Date of Award

7-1-2004

Degree Type

Restricted Access Dissertation

Degree Name

Doctor of Philosophy

Field of Study

Biomedical Sciences

Department

Graduate School of Biomedical Sciences

First Advisor

Peter A. Raven

Second Advisor

H. Fred Downey

Third Advisor

Patricia A. Gwirtz

Abstract

Keller, David Melvin, Carotid Baroreflex Control of Leg Vasculature. Doctor of Philosophy (Biomedical Science), July 2004; 110 pp; 5 tables; 10 figures; bibliography. The carotid baroreflex (CBR) exerts control of arterial blood pressure primarily as a result of changes in total vascular conductance. In humans, understanding CBR control of the vasculature supplying a given vascular bed, such as the leg, remains unclear. Furthermore, it appears that metabolic attenuation of sympathetic vasoconstriction may modulate the CBR of the vasculature supplying contracting skeletal muscle during exercise. However, the balance between baroreflex-mediated vasoconstriction and the mechanisms responsible for the metabolic attenuation has not been fully elucidated. Therefore, the purpose of the investigations within this dissertation was to: i) explain CBR control of leg vascular conductance (LVC) and the relationship between changes in LVC and muscle sympathetic nerve activity at rest and during one-legged knee extension exercise, ii) examine the CBR control of the vasculature supplying an exercising leg and a non-exercising leg during exercise, and iii) demonstrate the role of the ATP-sensitive potassium channel in contributing to the metabolic attenuation of CBR-mediated vasoconstriction in the vasculature supplying contracting skeletal muscle. In the first investigation, we demonstrated: i) the stimulus response relationships for CBR control of LVC and MSNA at rest and during two intensities of one-legged knee extension exercise; ii) that CBR control of LVC was preserved during exercise; iii) that the attenuation of CBR-mediated vasoconstriction was no different between 7W and 25W exercise in the vasculature supplying an exercising leg; and iv) that the contribution of changes in LVC to CBR changes in mean arterial pressure was no different from rest to exercise in both the exercising leg and the non-exercising leg. In the second investigation, we examined the role of the ATP-sensitive potassium channel in modulating sympathetically-mediated vasoconstriction at rest and during exercise in the vasculature supplying an exercising leg and a non-exercising leg. The attenuated vasoconstrictor response to the carotid baroreceptor stimulated hypotension observed in the vasculature supplying an exercising leg was partially restored two to four hours after the oral ingestion of glyburide (5mg). This finding indicates that ATP-sensitive potassium channel activation plays a primary role in the effects of functional sympatholysis during leg exercise in humans. We further demonstrated that CBR control of MAP was not altered by oral glyburide administration in healthy subjects.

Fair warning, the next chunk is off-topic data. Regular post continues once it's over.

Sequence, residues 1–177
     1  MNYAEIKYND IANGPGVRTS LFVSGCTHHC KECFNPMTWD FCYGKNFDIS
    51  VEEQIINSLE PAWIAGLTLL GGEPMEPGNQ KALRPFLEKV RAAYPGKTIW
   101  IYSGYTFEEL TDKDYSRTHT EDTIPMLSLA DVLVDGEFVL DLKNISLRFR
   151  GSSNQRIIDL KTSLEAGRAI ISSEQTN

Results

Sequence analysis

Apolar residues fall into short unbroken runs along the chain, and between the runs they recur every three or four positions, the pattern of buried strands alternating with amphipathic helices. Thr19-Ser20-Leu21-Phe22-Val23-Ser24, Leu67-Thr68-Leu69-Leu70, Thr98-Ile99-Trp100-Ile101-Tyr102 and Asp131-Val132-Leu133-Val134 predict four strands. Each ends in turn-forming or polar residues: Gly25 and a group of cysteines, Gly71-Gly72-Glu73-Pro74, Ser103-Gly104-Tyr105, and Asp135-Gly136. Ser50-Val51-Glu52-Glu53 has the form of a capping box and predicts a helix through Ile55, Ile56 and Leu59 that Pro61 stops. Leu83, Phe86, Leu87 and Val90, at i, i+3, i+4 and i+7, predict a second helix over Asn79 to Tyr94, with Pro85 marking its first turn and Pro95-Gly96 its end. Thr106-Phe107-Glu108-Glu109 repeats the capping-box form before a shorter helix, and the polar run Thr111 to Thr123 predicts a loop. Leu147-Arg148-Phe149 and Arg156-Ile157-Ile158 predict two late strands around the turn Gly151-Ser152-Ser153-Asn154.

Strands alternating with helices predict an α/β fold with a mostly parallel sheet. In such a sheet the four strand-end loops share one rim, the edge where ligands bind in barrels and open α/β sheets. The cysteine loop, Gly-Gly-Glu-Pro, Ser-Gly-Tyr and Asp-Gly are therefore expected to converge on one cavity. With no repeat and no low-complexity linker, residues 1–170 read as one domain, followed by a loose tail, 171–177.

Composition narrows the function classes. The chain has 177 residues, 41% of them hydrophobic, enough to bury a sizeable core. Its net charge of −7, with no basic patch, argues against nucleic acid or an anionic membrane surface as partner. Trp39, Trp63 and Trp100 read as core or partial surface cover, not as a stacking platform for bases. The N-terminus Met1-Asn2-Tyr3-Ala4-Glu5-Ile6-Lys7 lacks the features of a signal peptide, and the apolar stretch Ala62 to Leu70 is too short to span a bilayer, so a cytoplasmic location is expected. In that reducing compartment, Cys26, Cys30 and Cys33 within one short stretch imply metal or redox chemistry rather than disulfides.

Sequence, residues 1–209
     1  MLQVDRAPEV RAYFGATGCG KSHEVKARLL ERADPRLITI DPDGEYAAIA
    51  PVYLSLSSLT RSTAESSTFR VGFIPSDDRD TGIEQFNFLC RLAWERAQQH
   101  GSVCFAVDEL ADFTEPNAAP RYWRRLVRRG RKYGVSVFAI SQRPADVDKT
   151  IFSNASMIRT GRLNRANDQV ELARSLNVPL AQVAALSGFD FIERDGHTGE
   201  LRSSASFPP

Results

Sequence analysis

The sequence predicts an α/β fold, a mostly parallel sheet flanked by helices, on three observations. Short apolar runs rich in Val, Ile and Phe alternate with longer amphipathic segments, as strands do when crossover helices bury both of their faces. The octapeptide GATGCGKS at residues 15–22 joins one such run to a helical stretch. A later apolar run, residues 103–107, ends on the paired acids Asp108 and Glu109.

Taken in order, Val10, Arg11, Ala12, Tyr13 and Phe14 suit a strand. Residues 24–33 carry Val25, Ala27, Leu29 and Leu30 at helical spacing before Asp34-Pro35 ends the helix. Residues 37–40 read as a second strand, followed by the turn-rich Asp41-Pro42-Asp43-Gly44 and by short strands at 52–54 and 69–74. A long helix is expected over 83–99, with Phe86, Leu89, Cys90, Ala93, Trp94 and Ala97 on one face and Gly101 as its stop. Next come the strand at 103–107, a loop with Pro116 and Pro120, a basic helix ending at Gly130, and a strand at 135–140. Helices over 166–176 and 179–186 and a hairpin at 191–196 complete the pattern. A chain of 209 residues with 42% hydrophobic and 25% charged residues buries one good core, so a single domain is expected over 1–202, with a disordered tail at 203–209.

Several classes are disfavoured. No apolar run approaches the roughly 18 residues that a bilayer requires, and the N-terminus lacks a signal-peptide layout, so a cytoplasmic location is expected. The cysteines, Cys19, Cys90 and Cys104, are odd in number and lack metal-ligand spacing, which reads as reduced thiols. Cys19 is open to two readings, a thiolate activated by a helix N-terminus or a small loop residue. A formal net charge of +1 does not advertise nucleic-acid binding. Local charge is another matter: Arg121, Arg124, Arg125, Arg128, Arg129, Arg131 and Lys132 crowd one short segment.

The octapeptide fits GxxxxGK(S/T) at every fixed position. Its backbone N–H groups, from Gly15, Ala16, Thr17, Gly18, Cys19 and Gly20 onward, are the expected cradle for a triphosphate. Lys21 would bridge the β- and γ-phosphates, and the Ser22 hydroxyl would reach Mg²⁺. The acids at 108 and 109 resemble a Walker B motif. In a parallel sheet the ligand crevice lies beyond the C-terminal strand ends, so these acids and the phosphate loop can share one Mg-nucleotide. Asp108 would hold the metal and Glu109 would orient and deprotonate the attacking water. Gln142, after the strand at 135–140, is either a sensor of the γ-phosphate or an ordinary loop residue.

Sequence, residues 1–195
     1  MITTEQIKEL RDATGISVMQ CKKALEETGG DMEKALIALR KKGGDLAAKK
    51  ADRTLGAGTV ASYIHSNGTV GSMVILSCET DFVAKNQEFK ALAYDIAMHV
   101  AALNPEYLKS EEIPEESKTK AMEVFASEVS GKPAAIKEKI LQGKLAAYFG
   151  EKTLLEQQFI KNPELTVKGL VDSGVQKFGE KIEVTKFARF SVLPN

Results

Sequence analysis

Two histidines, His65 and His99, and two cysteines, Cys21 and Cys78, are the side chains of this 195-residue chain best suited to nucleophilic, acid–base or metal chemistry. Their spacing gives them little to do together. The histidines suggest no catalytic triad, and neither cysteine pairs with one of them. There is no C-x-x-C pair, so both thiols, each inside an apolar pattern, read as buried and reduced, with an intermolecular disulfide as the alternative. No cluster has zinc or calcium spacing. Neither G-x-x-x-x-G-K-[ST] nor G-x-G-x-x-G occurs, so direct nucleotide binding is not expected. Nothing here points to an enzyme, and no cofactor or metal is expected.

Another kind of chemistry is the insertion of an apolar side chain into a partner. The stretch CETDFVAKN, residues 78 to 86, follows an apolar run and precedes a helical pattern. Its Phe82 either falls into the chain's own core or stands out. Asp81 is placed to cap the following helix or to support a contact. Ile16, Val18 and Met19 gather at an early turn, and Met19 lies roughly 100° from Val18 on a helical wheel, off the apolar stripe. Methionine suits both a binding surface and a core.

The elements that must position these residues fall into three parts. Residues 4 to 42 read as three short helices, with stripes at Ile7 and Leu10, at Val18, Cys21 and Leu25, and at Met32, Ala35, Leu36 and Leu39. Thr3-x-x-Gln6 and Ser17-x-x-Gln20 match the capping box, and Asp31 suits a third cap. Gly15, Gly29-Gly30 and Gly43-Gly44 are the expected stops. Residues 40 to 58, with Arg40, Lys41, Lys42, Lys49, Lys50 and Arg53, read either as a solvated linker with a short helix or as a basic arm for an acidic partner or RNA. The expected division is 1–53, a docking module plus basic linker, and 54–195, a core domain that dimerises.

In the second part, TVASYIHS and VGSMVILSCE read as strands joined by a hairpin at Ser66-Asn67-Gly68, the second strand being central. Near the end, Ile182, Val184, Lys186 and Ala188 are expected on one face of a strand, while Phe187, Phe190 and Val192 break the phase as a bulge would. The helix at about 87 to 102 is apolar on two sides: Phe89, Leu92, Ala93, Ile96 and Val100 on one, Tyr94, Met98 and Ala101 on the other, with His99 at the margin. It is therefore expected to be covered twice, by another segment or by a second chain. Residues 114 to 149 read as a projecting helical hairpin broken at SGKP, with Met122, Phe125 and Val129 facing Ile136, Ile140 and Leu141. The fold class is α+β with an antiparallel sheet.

Comments

Keller, David Melvin, Carotid Baroreflex Control of Leg Vasculature. Doctor of Philosophy (Biomedical Science), July 2004; 110 pp; 5 tables; 10 figures; bibliography. W 4 K29C 2004

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